In 2016, brown emcees face an unspoken intolerant reality: there is a fight for validity. Just take a look at the Bronx, birthplace of hip-hop, where more than 53% of the community is Latino, but arguably no English-flowing Latino artists have ruled since the Terror Squad era.
Among the next wave of rising rappers is BX Boricua, Al-Doe. With brash bars and high-end drug double entendres, “The Pope of the Coke Talk” isn’t sputtering commercial lyricism. Through dark wordplay, Al-Doe sheds light on the unforgiving circumstances in the hood. From his signature Pope attire to his eccentric wardrobe insignias, Al-Doe’s individualism is front-facing. He offers no apologies and is as vivid in person as he is on beats.
We caught up with the rap newcomer in a sit-down interview. Get to know Al-Doe in his own words below:
How would you describe your sound?
It’s a new version, in my perspective, of late ‘90s, -early 2000s rap. I get a lot of inspiration from The Lox, DMX and that hip-hop era. Jay Z’s first album, Reasonable Doubt, was released in 1996, but I was only ten years old. That’s who I listen to; that period wasn’t mine, but it heavily influences my sound.
I think a lot of people have this misconception of me. People who only listen to my music might assume I’m overly aggressive and so hardcore. But I am also human, I laugh and get sad. I’m normal. I’m with my children every single day. My new music will display more of that side and not the character, per say.
You’re known for the hardcore hip-hop. Are you insinuating you want to separate from that image?
I want to expand on that image. I will always keep it, because a lot of people love me for that. Listeners should know this is what I came up on. This is the essence and what I grew up doing. However, I get older like everyone else. I want them to see my growth.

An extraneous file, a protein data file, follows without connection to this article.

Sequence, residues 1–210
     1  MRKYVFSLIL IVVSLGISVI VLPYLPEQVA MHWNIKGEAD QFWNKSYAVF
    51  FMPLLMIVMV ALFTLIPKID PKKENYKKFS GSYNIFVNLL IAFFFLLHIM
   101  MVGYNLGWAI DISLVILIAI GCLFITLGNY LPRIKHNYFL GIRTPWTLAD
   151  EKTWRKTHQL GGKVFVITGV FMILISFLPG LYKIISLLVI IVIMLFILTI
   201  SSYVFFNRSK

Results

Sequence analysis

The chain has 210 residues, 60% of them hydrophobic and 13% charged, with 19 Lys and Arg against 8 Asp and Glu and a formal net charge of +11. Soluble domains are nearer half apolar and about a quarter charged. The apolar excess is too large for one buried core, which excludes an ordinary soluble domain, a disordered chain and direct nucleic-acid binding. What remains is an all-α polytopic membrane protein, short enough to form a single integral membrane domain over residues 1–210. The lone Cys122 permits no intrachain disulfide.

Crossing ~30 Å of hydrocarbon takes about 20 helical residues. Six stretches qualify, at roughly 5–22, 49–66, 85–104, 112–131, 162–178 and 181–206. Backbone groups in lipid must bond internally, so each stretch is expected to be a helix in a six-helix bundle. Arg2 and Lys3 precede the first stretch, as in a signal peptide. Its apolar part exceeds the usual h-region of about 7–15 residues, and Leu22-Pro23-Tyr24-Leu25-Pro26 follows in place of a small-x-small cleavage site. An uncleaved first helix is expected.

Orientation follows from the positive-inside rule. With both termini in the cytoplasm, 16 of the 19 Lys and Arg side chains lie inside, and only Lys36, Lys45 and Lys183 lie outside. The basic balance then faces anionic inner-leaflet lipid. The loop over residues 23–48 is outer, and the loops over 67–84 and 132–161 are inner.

“Stained Glass Windows,” your debut album, is releasing next month. What’s been your favorite moment with its creation?
There was a private listening session; Lenny S and Kevin Liles were there. To have these two record executives from Roc Nation and 300 Entertainment listening to my project, it felt like an accomplishment. They didn’t even know the other would be there.
I felt the vibe, and it helped me out. They might have been wondering, “What is he doing here?” It was all love. Tidal will be streaming my album exclusively the first week. Sean C & LV are my executive producer. They’ve produced for P. Diddy, Big Pun, Jay Z, and many other artists.
What’s the concept behind the title, “Stained Glass Windows?”
You know I’m called “Pope of the Coke Talk”. My mother is extremely religious and raised us Catholic. That’s where the Vatican references came from. We were in church every week; I was an altar boy. I was surrounded by the art of the Stained Glass Windows. I took that and incorporated it into my rhymes and fashion. It’s who I am.
You perform in a Pope costume. How did that come about?
Harry Fraud heard my bars and said “The Pope” should be my signature. When it was time to shoot the “Black Sabbath” video, I thought about what I could do differently and still keep it hip-hop. I hate resembling or doing what everyone else is doing. I thought, “Why don’t I just rent a Pope suit and walk through the projects?” My boys said, “You are bugging! Do not wear that suit. Everyone is going to think you’re a clown.” [Laughs] I didn’t care. I wore it, and people love it.
Supporters kept “The Pope” going. I began performing in the suit. To me, it is music; it’s creative. Look at Missy Elliott; I love her. Look at Busta Rhymes and Eminem; they’re animated. We have one life. I don’t want to be anyone else. I’m the freest-spirited person you’ll ever meet. Maybe a little too free sometimes. [Laughs]
That’s not surprising considering you began your career in film.
Yes, when I was eight years old, my mother took me and got an agent at Young Talent. I’ve been cast for commercials and shows such as As The World Turns and Law & Order. I was in a movie called Thicker Than Blood, with Mickey Rourke. From very young, I was active creatively. Recently, I modeled for Puma and their “Eat What You Kill” collection designed by Frank the Butcher. There will be a new Puma collection this fall.
What is your greatest accomplishment to date?
My children. They are my reason for everything.
Who is Al-Doe?
Al-Doe is an entertainer. Al-Doe is the rawest and most uncut. He is a lover and a fighter. He is adventurous, spontaneous, a great chef, very weird and anxious for you to hear his music. Al-Doe is dropping “Stained Glass Windows” next month. A prelude is coming soon.